Couldn't find element LayerAd

Error finding content

Snow - Windows to the Universe

Shop Windows to the Universe

Check out the fun Earth science related bumper stickers in our online store! Express yourself!
Snowflake
Click on image for full size
UCAR

Snow

Snow is a type of precipitation. Water falls from clouds as ice crystals or groups of many ice crystals, called snowflakes. Snowflakes form in clouds where the temperature is below freezing. The ice crystals form around tiny bits of dirt that have been carried up into the atmosphere by the wind. As the snow crystals grow, they become heavier and fall toward Earth. Many snowflakes are six-sided shapes. Different types of snowflakes form in different conditions. Temperature determines if the crystals become a flat plate, a long column, or a prism shape.

On average, 10 inches of snow melt down to about an inch of water; however, not all snow is the same. Very heavy wet snow, which is excellent for making snowballs and snowmen, falls in some places. Light snow, so fluffy that it will not stick together into a snowball shape, falls in other places.

Snow is part of the cryosphere. There are places where snow covers the land surface year-round. These are found at high latitudes, where snow is common and temperatures stay cold year-round, and on mountaintops, where the high altitude causes temperatures to be cold year-round. Recently, the snow cover on some mountaintops, especially mountains at low latitudes, has been shrinking because the Earth is getting warmer.

Last modified January 29, 2007 by Lisa Gardiner.

Shop Windows to the Universe Science Store!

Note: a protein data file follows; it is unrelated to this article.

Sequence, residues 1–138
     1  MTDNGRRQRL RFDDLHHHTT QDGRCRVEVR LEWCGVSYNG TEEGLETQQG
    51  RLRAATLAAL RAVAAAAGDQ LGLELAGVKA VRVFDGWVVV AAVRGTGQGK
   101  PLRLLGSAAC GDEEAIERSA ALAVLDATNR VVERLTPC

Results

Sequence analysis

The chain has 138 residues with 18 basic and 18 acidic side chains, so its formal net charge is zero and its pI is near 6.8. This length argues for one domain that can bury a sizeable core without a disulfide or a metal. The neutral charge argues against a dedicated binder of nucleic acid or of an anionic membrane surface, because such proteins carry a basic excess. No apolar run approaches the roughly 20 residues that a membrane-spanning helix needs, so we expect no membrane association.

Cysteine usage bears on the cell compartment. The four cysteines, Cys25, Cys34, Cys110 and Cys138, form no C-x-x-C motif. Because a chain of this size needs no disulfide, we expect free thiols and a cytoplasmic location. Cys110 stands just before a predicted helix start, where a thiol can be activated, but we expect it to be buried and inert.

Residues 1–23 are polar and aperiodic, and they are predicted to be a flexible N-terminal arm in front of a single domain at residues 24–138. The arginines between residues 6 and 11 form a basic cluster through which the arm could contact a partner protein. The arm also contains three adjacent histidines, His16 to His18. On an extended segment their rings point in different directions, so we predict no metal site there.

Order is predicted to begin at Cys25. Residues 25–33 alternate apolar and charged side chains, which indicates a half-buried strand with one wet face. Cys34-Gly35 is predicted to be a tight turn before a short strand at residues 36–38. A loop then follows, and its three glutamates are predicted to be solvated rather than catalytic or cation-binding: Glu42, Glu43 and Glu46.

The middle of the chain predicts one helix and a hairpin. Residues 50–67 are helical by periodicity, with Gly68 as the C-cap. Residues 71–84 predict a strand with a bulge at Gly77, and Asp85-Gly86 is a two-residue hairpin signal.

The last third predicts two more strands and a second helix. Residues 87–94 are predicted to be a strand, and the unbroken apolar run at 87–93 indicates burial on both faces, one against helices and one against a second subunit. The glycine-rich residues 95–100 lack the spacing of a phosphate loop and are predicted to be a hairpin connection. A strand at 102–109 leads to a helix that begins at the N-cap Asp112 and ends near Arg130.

The Summer 2010 issue of The Earth Scientist, available in our online store, includes articles on rivers and snow, classroom planetariums, satellites and oceanography, hands-on astronomy, and global warming.

Windows to the Universe Community

News

Opportunities

You might also be interested in:

Traveling Nitrogen Classroom Activity Kit

Check out our online store - minerals, fossils, books, activities, jewelry, and household items!...more

The Cryosphere

Frozen water is found in many different places on Earth. Snow blankets the ground at mid and high latitudes during winter. Sea ice and icebergs float in the chilly waters of polar oceans. Ice shelves are...more

Can Two Snowflakes Look Alike?

Even though most snowflakes have a hexagonal structure, there are many ways that water molecules can arrange themselves as the water freezes. Some people say that there are no two snowflakes alike. However,...more

Giant Meteor Hits Greenland?

Suppose you saw a giant flash of light in the sky last night. It was so bright that the night almost seemed like day! What would you think it was? Lightning? A UFO? A flash like this happened in Greenland...more

Dust-on-Snow: Spring Winds Can Bring More Snowmelt

Scientists are learning about how dust from wind storms is affecting the snow in the mountains of Colorado. Occasionally, dry winds blow in from the southwestern United States, and when this happens, small...more

Altostratus

Altostratus clouds belong to the Middle Cloud group. An altostratus cloud usually covers the whole sky. The cloud looks gray or blue-gray. The sun or moon may shine through an altostratus cloud, but will...more

Cirrostratus

Cirrostratus clouds belong to the High Cloud group. They are sheetlike thin clouds that usually cover the entire sky. The sun or moon can shine through cirrostratus clouds. When looking at the sun through...more

Cumulonimbus

Cumulonimbus clouds belong to the Clouds with Vertical Growth group. They are also known as thunderstorm clouds. A cumulonimbus cloud can grow up to 10km high. At this height, high winds make the top...more

Windows to the Universe, a project of the National Earth Science Teachers Association, is sponsored in part by the National Science Foundation and NASA, our Founding Partners (the American Geophysical Union and American Geosciences Institute) as well as through Institutional, Contributing, and Affiliate Partners, individual memberships and generous donors. Thank you for your support! NASA AGU AGI NSF